Fuel Rail Pressure (FRP) Sensor
Direct Injection & Air Induction Systems Diagnostics Fuel Rail Pressure (FRP) Sensor
The high pressure system develops pressure mechanically, so closed loop control is even more critical than on other feedback systems. Therefore, there will always be a high pressure sensor mounted to a fuel rail (only one sensor is used on V-engines). It works like any 5-Volt, 3-wire sensor, but with a much wider range. There will always be a high pressure PID on the Scan Tool. You can also backprobe the signal circuit to match the voltage to the PID, but that’s not a very helpful comparison for most faults. In any case, all FRP sensors output a low voltage for low pressure, and high voltage for high pressure. However, the normal range varies quite a bit by application.
ATG TIP: Most FRP sensor faults involve miscalibration, and since nobody makes a practical tool to directly measure the rail pressure, you have to get sneaky. Relieve the high pressure by disconnecting the FPR solenoid (most applications), or by using a Scan Tool control to disable the low pressure or high pressure systems (controls vary in both name and effectiveness). Then cycle the key so that the low pressure pump primes the system and pushes through the high pressure pump check valve into the rail. Compare FRP sensor PID to the low pressure sensor PID (install a low pressure gauge if PIDs aren’t available). The FRP sensor has a much higher range, so it won’t be as precise at the lower end of its range. Additionally, the rail pressure will always be lower because of the spring tension in the high pressure pump check valve. A 10 PSI drop is common, but we’ve seen over 30 PSI on some known good applications. On other applications, the low and high pressure match, but it’s likely that this is because the PCM adds to the FRP value to make them match. Either way, it’s still a great ‘ballpark’ test.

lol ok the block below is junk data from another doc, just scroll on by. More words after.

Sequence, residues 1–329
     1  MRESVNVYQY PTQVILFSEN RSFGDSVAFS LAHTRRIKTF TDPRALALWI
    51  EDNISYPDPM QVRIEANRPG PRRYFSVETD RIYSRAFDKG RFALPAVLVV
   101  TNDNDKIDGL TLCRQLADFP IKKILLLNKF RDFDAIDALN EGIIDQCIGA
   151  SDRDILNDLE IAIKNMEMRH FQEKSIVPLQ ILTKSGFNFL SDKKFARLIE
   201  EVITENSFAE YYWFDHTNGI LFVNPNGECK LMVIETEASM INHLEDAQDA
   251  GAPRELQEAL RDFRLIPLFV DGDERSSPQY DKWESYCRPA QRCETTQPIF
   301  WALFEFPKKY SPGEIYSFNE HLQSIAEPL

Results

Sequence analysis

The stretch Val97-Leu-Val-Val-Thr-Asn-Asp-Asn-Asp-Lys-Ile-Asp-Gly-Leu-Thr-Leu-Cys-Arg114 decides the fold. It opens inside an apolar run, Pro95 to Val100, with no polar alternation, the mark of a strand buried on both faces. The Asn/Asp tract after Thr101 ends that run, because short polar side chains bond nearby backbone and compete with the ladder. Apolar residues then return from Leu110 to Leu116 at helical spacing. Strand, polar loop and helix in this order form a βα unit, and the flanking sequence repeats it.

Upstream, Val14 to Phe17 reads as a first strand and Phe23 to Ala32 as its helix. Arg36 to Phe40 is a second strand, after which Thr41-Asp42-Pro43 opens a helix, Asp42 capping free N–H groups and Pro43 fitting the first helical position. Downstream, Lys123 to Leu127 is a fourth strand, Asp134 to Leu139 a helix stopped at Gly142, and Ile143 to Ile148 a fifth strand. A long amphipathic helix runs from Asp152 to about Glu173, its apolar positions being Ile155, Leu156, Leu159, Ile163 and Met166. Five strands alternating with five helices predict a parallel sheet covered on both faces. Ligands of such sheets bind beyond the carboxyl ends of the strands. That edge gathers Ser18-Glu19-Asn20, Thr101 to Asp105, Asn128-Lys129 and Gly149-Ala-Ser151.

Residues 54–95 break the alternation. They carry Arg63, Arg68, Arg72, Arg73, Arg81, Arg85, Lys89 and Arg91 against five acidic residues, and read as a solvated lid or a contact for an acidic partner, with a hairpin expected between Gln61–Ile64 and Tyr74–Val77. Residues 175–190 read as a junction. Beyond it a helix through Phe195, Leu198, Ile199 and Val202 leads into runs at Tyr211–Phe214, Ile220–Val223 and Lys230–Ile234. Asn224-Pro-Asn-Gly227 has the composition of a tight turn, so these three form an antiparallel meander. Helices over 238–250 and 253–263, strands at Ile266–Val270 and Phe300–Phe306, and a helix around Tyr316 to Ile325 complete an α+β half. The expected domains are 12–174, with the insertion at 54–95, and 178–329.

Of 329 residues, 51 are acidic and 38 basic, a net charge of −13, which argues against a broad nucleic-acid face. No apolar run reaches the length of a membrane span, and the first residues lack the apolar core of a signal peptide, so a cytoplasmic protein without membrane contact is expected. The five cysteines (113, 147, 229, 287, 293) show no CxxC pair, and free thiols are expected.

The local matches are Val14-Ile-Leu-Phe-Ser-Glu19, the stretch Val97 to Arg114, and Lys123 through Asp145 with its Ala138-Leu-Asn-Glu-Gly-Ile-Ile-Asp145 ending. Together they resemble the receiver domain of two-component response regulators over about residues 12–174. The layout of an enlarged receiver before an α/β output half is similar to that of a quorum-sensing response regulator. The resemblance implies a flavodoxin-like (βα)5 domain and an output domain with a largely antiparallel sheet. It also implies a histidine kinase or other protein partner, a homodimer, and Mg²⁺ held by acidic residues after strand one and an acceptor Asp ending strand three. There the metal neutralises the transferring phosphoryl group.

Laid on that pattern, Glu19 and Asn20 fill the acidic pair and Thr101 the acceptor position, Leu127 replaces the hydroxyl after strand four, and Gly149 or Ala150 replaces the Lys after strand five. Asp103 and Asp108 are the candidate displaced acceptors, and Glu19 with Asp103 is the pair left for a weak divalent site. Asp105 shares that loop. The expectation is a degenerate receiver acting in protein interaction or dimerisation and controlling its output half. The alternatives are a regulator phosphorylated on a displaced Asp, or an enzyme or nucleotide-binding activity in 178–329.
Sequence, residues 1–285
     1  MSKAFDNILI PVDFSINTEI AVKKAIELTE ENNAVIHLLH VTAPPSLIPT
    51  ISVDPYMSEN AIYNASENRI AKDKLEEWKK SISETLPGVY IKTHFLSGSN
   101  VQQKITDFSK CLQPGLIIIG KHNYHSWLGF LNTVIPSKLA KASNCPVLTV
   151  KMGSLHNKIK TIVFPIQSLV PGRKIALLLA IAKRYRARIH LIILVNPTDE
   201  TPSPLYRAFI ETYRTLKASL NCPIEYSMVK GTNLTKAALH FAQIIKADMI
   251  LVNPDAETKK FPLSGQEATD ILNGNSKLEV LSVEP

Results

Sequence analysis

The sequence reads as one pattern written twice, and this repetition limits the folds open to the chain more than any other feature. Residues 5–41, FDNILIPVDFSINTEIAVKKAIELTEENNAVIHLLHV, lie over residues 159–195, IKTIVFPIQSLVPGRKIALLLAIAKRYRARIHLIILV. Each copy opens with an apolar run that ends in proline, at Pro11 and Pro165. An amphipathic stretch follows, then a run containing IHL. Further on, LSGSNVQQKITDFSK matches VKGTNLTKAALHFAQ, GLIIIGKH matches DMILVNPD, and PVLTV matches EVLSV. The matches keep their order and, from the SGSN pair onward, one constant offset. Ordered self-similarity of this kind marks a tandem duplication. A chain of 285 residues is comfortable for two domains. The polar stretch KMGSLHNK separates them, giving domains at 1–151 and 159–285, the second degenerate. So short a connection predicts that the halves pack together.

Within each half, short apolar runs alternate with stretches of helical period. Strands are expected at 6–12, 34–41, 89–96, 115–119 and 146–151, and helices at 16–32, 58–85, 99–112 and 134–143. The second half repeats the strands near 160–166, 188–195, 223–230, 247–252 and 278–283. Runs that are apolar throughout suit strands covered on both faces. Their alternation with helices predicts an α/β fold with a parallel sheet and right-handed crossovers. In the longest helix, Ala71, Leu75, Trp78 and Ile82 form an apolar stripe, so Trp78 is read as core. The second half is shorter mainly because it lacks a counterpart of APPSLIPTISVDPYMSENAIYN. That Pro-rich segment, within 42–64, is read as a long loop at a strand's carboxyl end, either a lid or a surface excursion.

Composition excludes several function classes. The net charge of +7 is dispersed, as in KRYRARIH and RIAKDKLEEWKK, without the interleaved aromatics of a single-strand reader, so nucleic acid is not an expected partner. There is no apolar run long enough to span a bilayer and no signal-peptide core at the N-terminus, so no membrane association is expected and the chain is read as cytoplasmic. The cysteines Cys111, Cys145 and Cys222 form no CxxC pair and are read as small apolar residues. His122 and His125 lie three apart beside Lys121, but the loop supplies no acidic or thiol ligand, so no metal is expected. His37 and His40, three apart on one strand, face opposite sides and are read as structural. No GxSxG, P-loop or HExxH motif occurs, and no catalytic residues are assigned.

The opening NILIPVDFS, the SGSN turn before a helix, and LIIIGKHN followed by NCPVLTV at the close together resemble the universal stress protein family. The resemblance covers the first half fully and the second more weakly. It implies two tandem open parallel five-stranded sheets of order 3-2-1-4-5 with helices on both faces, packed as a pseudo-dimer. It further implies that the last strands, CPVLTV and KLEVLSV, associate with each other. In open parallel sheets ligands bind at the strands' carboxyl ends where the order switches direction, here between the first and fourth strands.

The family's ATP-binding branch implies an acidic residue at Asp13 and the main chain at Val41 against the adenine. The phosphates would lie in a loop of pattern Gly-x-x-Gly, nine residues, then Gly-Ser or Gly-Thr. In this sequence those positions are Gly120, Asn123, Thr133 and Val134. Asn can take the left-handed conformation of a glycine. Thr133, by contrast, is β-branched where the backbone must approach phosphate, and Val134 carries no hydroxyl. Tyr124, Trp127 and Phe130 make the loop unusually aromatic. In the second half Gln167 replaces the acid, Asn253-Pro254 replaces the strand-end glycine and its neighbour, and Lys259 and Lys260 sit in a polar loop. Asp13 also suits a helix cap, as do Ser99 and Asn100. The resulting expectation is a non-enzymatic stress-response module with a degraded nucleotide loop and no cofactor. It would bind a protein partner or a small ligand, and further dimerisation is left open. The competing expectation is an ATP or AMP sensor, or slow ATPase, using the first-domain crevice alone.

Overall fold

Note: Many FRP sensors can only be used once, so check repair information. You’ll probably get away with reusing one, but if it EVER leaks, it’s your liability. With up to 3,000 PSI of flammable liquid in a hot engine compartment, it’s best to follow manufacturers’ instructions.
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